The Wheaton Blog

Prepare Your Property for Moving Truck Parking

June 29, 2018 | Household Moves

By the time your moving date arrives, you may feel like you can’t possibly put any more items on your relocation checklist. By this point, you will likely already have hammered out the details in your home and work arrangements, utility agreements, travel itinerary, and other fundamental logistics. But have you considered moving truck parking?

Some homeowners assume that once they have decided on a moving company, those homeowners have nothing left to do other than to pack up their belongings. Unfortunately, this assumption could potentially delay your moving day as you work to ensure that moving truck can access and park on your property.

In this blog, we guide you through the steps you may need to complete so you’re ready to go with moving truck parking when the movers pull up.

Ask About Alternatives

When you begin to think about movers arriving to load up your belongings, you may assume that the truck must be parked in the immediate vicinity. If you live in a house or multiplex, this proximity may mean the truck ends up in your driveway or on the road in front of the property. If you live in a row housing or an apartment, the parking lot may be closest.

While these locations are preferred, professional movers understand that not every property is readily accessible to moving vehicles, especially not semis. If you think your property may not accommodate moving truck parking, ask your moving company if they offer alternatives.

For example, your movers may offer a shuttle service where they load a smaller vehicle multiple times to take your items to the truck or to a shipping container.

Check Clearance

As you evaluate whether or not you believe your property can accommodate moving truck parking, use the dimensions of the vehicle as much as possible. Ask your mover about the length and height of the cab and trailer.

Additionally, if you have had an onsite consultation, check if the mover believes the truck will have enough turning space to pull in and out.

Once you know the dimensions of the truck, check that the area is clear of overhead wires, structures, and foliage that might block access. Measure out space on either side of where the truck will park and remove any tripping hazards and other obstructions.

Ideally, your mover will be able to back the truck into the parking space so that the loading door is as close to your front door as possible. In this situation, you only need enough of a gap on the sides so that people can get by. However, if the space is too narrow for the vehicle, you must account for all items passing alongside the truck.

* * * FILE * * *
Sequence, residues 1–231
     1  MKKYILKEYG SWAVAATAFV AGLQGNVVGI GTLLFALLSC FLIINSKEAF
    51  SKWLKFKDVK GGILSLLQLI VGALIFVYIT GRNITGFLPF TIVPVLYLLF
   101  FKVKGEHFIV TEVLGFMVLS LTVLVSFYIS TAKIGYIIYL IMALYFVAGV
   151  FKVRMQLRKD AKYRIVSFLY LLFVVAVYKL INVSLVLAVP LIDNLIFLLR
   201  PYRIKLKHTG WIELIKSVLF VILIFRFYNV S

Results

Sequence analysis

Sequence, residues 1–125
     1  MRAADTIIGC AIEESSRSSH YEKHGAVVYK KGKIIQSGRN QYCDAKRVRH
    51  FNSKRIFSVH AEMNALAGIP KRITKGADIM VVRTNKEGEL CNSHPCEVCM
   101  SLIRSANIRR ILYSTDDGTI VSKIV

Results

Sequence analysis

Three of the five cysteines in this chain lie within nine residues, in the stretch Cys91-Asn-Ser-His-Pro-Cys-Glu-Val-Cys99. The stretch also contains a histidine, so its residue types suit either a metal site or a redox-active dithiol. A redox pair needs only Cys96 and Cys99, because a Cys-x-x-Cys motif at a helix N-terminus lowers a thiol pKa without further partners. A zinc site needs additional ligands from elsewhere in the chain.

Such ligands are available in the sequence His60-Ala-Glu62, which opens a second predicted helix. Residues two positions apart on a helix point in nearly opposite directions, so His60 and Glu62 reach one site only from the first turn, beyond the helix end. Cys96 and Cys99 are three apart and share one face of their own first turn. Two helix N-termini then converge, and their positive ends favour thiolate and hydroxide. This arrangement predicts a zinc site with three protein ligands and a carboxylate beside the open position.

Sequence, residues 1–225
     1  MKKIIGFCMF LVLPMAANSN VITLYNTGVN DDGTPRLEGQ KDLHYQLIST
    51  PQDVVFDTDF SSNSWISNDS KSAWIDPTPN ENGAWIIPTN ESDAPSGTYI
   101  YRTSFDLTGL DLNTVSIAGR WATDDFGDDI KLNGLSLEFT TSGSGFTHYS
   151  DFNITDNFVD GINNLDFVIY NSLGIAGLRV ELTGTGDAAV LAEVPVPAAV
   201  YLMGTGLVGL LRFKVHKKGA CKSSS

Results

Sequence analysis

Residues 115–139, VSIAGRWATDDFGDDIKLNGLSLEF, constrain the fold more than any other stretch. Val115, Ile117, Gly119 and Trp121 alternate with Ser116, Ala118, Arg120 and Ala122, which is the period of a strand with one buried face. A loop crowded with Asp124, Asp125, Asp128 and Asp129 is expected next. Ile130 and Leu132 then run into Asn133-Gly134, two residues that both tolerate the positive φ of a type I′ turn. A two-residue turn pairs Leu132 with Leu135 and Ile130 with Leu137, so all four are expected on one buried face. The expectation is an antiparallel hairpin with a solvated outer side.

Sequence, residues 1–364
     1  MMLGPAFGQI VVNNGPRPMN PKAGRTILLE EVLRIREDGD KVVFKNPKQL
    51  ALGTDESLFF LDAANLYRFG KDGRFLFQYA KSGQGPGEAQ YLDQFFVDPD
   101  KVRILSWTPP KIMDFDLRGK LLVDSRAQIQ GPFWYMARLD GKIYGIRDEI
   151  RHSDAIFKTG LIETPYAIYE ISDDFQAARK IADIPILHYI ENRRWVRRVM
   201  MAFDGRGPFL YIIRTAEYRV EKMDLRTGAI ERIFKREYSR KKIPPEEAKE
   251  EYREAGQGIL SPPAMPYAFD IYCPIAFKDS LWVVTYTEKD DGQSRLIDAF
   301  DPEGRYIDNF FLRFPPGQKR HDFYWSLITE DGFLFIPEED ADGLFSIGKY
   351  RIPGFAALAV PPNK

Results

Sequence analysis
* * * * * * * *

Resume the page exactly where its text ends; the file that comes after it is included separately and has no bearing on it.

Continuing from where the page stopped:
Obtain Relevant Permits

Once you have begun to visualize the moving truck in its parking space, you are more likely to have a clear picture of where the vehicle will be parked. In many cases, moving trucks, unfortunately, don’t tuck neatly into residential driveways, so you may need to plan ahead.

You may have checked if your mover had current transit permits for your area, and your destination if you plan to cross state lines. Also ensure that the company has the relevant permits necessary for moving truck parking.

These permits usually come from the city and only last for a period of days, so you may need to obtain the permit immediately before your planned moving day. Check local parking restrictions for ordinances against commercial vehicles parking on the street or across sidewalks that intersect driveways if your driveway isn’t big enough.

If you choose to work with a local moving company, representatives may be able to provide you with helpful resources of at least a good starting point of inquiry for determining which regulatory measures your situation requires.

In addition to municipal restrictions, you may need to ask your homeowner’s association, property management company, or landlord about the need for parking space reservation and potential penalties for taking up multiple spaces in a parking lot.

Once you know which permits and reservations you need so that the truck can park at your property for as long as it takes to get loaded up, put in your applications for these arrangements in advance. In most cases, you can obtain a permit or reservation by visiting the relevant office in person or applying online.

Use these guidelines to ensure you don’t have to worry about moving truck parking on your property for any longer than the time it takes for the driver to check his or her blind spots and pull in.

Get Trusted Help

Still looking for a mover you can trust to handle parking, loading, and transportation in your upcoming transition? Partner with the experienced team at Wheaton World Wide Moving for help packing, transporting your items, and unloading your belongings at your new home.

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